JOHNSTON, Iowa – The candidates hoping to replace retiring Rep. Dave Loebsack in Iowa’s Second District debated for the first time Thursday night.
Democrats have the advantage in the district and that advantage has grown over the past two years. But with no built-in advantage that incumbents often have, this is expected to be a competitive race.
On money matters, Republican Mariannette Miller-Meeks supports looking at raising the retirement age to ease the strain on the Social Security system. Democrat Rita Hart doesn’t.
Hart wants to raise the federal minimum wage but didn’t say by how much. Miller-Meeks thinks the states should determine the minimum wage.
Miller-Meeks said, “A minimum wage is…and I started out 30 cents an hour…so a minimum wage is an entry-level. It’s not supposed to be a wage or was not meant to be a wage that is supposed to support a family.”
“We’ve got to be sure that we’re keeping up with inflation, that we’re setting a wage that is actually going to help families continue to survive as they try to pay their bills,” said Rita Hart.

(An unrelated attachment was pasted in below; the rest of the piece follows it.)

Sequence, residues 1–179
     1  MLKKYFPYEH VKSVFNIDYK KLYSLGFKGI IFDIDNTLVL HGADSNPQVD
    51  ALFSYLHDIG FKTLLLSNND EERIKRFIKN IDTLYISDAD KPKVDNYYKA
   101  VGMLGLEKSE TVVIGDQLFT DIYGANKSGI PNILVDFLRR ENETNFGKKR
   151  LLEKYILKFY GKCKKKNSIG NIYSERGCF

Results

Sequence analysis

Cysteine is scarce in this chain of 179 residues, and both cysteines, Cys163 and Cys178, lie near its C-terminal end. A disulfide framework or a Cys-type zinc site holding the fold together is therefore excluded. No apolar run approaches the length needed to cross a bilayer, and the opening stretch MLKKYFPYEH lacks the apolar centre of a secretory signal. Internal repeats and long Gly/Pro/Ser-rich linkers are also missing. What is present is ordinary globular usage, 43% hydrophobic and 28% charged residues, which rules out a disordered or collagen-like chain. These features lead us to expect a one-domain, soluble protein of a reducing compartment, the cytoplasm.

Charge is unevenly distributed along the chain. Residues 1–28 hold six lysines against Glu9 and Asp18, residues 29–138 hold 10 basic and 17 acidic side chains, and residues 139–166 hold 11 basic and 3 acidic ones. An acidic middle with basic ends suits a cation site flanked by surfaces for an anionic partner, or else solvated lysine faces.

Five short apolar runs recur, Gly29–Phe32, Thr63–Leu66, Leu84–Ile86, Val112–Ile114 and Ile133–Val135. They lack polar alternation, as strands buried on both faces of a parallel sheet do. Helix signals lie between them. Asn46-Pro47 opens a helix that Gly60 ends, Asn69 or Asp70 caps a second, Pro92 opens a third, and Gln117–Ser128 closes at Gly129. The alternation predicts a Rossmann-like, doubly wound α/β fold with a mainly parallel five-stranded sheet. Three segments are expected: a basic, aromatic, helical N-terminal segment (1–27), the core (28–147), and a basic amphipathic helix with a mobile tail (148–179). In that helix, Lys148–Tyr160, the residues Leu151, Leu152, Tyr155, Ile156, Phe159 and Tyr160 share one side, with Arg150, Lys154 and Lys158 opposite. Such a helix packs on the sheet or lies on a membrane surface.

President Donald Trump is working to replace the late Supreme Court Justice Ruth Bader Ginsburg.
Conservatives hope another conservative on the bench could ultimately lead the court to overturn the 1973 Roe vs. Wade historic case that legalized a woman’s right to abortion.
Thursday night the two candidates had to answer what would happen if the court does overturn that case.
“That’s going to be an interesting time when that happens. I think that this is an issue that we’ve been talking about for 40 years. It’s unfortunate that we’re still having this conversation when we know that women have a right to privacy,” said Hart.
“I’m pro-life, I’ve been pro-life. I’ve had exceptions for rape, incest, and the physical life of the mother. I still have that stand. That’s my viewpoint. I think if Roe vs. Wade is overturned, then it goes back to the states,” Miller-Meeks stated.
This race is one of four House seats on the ballot this November for Iowa districts, along with one U.S. Senate seat.